The Secret in Their Eyes

I feel bad for admitting this but I only heard about this film after it won the Oscar for best Foreign Film in 2010. This was only the second year that I had started to pay attention to the Foreign Language category. However I was not able to see any of the nominees from the category because at the time I lived in such a remote town and they were not available yet from Netflix, my only bastion of sanity. But I lived vicariously through the many bloggers I started to follow and I latched onto this film as being the perfect nominee. It represented everything that made this category the only vital and interesting category that remained. Unlike other categories, the history of the country was not covered up and sanitized but made personal through one individual. It had complicated human relationships, divorce as the norm, and adult emotions at the forefront. All the nominees in the more traditional categories are only technically good because they live up to a standard, but each year I feel at least a couple of the nominees (the ones that usually win) become more and more sanitized. You can inject your own examples for whether I am right or wrong. My point here is that the foreign film section is the place where you find true experimentation and therefore great films.

Centered around Benjamin (I love the way Benjamin is pronounced in Spanish. It sounds so exotic!) Esposito, a retired clerk who worked for the district attorney’s office but now finds his days with nothing to do. Therefore he sits down to write a novel about a lingering case in his mind. It takes him back to his glory days in the seventies and the start of his love for a woman who would become the next district attorney and his closest friend. The case involves a brutally raped and murdered woman. The husband of this woman seemed on the surface to be so completely in love with her and completely devastated by her murder that he would be willing to do anything to get the killer, include wait for weeks at alternating train stations for his arrival back to Buenos Aires. Benjamin goes to extraordinary lengths to find this killer who was once one of the murdered woman’s friends in order bring some justice to this broken-hearted man and soothe his own soul against the lost love of this in control and completely ravishing woman.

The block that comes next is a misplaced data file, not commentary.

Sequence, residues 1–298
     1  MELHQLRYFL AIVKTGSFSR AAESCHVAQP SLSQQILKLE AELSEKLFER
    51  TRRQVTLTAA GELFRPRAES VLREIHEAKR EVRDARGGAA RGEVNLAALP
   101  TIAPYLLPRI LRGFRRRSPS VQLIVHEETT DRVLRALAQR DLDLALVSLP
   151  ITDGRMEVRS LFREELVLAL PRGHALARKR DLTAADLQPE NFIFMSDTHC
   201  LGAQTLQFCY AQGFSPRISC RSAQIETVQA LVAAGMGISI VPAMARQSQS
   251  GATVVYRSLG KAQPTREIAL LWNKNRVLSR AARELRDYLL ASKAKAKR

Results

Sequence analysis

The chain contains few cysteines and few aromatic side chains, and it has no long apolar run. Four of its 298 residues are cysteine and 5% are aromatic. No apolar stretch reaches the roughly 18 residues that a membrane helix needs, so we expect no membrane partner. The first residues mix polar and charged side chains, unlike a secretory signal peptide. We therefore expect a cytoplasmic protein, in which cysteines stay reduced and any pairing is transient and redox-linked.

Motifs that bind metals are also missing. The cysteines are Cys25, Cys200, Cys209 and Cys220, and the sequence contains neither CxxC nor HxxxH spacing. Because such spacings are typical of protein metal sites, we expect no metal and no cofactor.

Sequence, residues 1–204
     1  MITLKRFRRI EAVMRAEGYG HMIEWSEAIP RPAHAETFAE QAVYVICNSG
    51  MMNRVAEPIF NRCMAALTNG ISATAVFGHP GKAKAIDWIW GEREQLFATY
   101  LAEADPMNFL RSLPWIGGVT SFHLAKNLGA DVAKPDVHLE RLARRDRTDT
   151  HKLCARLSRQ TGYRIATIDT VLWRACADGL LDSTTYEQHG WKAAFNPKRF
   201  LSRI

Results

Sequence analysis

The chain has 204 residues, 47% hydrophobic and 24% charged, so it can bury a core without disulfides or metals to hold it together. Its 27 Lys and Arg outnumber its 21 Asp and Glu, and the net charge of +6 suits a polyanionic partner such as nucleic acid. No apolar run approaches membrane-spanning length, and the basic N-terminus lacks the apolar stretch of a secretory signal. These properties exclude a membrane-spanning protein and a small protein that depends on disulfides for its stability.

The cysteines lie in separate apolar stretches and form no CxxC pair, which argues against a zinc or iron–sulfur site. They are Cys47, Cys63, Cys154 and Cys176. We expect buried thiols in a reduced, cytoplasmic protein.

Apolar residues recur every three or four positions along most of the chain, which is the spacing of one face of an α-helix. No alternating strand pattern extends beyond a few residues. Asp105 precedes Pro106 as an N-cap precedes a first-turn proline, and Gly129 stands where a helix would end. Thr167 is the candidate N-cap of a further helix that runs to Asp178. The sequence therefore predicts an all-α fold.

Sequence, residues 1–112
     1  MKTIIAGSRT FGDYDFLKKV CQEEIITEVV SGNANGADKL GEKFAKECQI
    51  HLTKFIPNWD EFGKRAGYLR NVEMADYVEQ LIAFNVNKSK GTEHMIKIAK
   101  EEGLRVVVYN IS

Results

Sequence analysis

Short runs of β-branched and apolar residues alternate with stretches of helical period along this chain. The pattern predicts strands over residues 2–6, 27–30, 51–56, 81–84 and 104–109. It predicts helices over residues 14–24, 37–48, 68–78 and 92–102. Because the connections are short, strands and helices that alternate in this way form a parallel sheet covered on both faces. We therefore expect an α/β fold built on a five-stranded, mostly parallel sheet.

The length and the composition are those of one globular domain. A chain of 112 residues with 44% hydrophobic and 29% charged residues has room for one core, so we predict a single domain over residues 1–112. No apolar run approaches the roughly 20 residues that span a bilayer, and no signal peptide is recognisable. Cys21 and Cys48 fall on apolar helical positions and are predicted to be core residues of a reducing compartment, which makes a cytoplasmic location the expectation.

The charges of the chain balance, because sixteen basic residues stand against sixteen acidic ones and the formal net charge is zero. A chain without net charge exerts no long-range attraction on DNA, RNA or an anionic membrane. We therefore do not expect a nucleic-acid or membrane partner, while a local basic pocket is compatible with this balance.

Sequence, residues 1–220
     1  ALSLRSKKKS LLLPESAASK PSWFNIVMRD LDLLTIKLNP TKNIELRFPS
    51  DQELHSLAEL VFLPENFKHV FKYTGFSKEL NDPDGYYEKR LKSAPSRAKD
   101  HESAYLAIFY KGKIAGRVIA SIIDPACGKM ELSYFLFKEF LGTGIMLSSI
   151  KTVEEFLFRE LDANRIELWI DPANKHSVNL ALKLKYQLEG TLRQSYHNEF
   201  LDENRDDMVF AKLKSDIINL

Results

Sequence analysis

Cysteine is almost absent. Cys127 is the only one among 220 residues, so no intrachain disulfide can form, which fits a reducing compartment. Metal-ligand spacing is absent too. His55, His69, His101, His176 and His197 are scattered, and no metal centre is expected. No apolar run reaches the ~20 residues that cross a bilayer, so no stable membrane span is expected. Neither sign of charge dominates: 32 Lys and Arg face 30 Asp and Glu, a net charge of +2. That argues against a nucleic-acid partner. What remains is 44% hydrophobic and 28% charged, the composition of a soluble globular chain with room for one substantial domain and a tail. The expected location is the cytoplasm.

This intense mystery is grounded by Benjamin’s relationships with the people around him. The assistant woman lawyer friend encourages him even when he has lost every other ally, his drunken buddy steals for him and brings him joy even though it breaks his heart to constantly see him such a mess all the time, and the husband gives him a sense and a willingness to go on with an investigation that would otherwise be lost in the pile on his overflowing desk. I am a fan of Sherlock Holmes, but the all-knowing detached detective is so over played it is gross. People in real life don’t pursue something with such ruthlessness unless they feel connected to something about the case that is compelling or have people around them encouraging him. It is the same with anything else in life. If you have absolutely no encouragement, no attachment to the subject matter, than why invest all of your time in it? Even if you are a super genius, you need something. This film gives Benjamin plenty of need to pursue. He wants to make an impression on his lawyer friend, he wants to do good by this devastated husband, and he wants to involve his drunken assistant/friend in hopes that he will forget about his drinking (spoiler alert: he doesn’t)

I loved the scenes between Benjamin and Irene Hastings (his lawyer crush). At one point in the film, the old Benjamin brings his half-finished manuscript to district attorney Irene in order for her to read it. She gives this heartbreaking speech about how she doesn’t want to revisit the events that had them in such a bind, but it takes a turn to the more personal. She says something to the fact that she is happy with her husband and her kids. That this case stirs up emotions that would be better off not stirred. It is a curious speech full of regret and longing that has probably gone for far too long for their relationship to be anything other than friendship. It is a great scene and a great speech that turns the events on its head. I can now see in the scenes past and in the scenes to come her longing for him just as much as his longing for her that I may have missed before. That is why I like this film. It is subtle. Do I have to say anything about the train sequences between them? I think not…

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